(Bloomberg) -- Thailand’s economy is set to expand this year at a slower pace than previously forecast as it reels from the impact of its deadliest Covid-19 outbreak, the Finance Ministry said. 

The ministry lowered its gross domestic product forecast to 1% on Thursday, from 1.3% predicted in July. It’s the ministry’s fourth revision this year after a resurgence in cases from April triggered growth-crippling restrictions on businesses and travel.

Southeast Asia’s second-largest economy is likely to expand at 4% next year, supported by exports and tourism, according to Pornchai Thiraveja, director general of the fiscal policy office at the ministry. The ministry had earlier forecast growth as fast as 5%.

Output will accelerate next year on support from tourism and local demand after restrictions ease, Pornchai said in a briefing, adding that fiscal support will continue to play a key role. The ministry has also been in close talks with the Bank of Thailand and is ready to issue further measures if necessary, he said.

For more details from the briefing, click here. 

The Finance Ministry is the latest of the three key agencies to adjust growth forecasts as policymakers respond to the pandemic with a combination of containment measures and fiscal support. Economic growth is seen rebounding to 3% in the final quarter from a 3.5% contraction seen in the preceding three months when much of the nation was under a quasi lockdown to fight the pandemic.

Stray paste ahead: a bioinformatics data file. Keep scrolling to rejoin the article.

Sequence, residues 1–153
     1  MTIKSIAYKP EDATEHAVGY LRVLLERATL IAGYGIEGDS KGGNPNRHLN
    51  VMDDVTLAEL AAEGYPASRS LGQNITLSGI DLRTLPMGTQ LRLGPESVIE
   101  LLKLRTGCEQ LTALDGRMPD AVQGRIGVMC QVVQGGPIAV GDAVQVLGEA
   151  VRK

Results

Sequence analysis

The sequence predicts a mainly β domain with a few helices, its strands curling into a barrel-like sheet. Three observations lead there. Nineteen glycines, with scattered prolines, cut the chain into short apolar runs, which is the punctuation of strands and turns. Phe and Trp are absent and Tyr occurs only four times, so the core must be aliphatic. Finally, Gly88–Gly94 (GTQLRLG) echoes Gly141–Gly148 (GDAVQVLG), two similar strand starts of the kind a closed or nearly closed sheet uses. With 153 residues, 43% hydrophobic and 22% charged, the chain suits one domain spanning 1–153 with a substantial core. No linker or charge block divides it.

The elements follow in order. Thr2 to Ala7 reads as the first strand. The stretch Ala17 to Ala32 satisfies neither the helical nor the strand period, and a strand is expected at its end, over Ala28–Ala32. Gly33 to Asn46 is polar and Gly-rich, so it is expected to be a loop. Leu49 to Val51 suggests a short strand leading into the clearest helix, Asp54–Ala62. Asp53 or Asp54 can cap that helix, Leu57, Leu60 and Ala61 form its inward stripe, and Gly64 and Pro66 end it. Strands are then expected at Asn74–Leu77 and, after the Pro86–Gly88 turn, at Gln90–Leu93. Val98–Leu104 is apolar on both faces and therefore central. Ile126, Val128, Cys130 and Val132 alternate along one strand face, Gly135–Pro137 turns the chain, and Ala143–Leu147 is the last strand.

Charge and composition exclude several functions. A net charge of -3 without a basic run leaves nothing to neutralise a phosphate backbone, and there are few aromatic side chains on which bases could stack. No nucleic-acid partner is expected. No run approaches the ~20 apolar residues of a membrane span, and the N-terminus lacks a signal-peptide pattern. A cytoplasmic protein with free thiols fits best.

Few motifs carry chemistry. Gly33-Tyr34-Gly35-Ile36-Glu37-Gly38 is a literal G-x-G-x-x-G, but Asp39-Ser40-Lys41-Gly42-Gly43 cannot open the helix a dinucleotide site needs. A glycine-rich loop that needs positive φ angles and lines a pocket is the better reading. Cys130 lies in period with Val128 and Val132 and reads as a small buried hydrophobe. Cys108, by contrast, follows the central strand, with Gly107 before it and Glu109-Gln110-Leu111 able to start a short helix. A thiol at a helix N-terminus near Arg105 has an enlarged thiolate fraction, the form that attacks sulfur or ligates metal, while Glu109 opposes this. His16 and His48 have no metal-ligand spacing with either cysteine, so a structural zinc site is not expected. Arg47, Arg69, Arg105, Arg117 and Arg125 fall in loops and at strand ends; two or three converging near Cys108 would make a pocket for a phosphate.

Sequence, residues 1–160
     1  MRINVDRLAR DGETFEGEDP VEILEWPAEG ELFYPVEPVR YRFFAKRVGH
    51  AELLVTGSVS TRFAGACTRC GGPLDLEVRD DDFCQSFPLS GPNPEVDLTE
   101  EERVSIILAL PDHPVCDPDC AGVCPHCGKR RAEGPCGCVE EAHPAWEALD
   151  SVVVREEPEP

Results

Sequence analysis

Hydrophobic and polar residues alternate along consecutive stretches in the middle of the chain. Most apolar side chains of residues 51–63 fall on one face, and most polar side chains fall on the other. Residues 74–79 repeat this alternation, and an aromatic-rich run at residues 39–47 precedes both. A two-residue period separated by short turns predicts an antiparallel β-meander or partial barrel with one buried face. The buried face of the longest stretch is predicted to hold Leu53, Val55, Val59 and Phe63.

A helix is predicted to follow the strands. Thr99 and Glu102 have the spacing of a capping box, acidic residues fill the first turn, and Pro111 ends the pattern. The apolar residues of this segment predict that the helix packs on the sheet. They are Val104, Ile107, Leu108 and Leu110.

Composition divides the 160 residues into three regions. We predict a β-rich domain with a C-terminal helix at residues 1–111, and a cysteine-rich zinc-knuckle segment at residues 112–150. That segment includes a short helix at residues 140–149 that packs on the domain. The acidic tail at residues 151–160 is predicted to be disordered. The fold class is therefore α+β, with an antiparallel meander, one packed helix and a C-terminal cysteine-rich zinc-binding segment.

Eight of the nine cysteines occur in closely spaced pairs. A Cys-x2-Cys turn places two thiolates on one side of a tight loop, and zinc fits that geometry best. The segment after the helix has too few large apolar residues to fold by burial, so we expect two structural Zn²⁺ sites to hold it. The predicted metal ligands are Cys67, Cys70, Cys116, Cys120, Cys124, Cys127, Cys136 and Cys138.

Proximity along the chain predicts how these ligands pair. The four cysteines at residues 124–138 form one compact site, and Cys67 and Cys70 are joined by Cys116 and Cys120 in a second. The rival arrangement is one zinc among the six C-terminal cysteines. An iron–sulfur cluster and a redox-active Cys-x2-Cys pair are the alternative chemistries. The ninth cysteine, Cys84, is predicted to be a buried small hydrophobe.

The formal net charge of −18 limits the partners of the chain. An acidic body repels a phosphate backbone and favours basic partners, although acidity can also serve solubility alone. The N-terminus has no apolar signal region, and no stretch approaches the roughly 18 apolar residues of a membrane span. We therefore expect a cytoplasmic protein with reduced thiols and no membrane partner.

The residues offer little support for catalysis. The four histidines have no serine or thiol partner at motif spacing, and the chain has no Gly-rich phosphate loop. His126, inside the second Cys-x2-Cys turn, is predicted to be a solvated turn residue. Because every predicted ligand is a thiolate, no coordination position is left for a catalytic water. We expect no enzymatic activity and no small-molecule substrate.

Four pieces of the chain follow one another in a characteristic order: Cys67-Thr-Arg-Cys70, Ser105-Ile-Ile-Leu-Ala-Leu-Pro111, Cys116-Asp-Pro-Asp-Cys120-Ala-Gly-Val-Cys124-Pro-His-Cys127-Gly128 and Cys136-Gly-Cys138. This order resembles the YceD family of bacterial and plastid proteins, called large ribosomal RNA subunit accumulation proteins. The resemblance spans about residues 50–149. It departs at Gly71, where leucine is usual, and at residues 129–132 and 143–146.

Prime Minister Prayuth Chan-Ocha has eased some Covid curbs in recent weeks and unveiled a plan to welcome back vaccinated foreign tourists from Nov. 1 to ward off a back-to-back annual economic contraction.     

The Bank of Thailand last month cut its GDP growth forecast to 0.7%, while the National Economic & Social Development Council followed with a downward revision to a range of 0.7% to 1.2%. Both agencies cut their predictions when new infections jumped to more than 20,000 daily. The caseload has dropped to 8,000-9,000 per day in recent weeks. 

The cabinet last week approved a slew of stimulus measures worth 92 billion baht ($2.8 billion) to reduce the cost of living, boost domestic consumption and support the economy. That’s on top of billions of dollars in fiscal support unveiled since the start of the pandemic to minimize the hit to the tourism- and trade-reliant economy.

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